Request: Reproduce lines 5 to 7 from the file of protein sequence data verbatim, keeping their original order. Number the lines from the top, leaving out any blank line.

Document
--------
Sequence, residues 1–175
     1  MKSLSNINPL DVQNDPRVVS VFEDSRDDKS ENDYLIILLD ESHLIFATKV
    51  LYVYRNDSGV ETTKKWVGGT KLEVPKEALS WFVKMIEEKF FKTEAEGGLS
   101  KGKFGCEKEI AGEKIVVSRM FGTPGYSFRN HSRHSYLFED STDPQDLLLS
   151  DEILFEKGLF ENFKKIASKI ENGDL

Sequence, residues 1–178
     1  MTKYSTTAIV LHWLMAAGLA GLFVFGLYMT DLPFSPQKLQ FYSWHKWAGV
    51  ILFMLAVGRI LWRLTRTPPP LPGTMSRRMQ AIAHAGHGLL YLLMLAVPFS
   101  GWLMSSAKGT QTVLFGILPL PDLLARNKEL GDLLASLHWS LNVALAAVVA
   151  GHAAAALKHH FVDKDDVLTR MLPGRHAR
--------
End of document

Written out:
   151  DEILFEKGLF ENFKKIASKI ENGDL

Sequence, residues 1–178
     1  MTKYSTTAIV LHWLMAAGLA GLFVFGLYMT DLPFSPQKLQ FYSWHKWAGV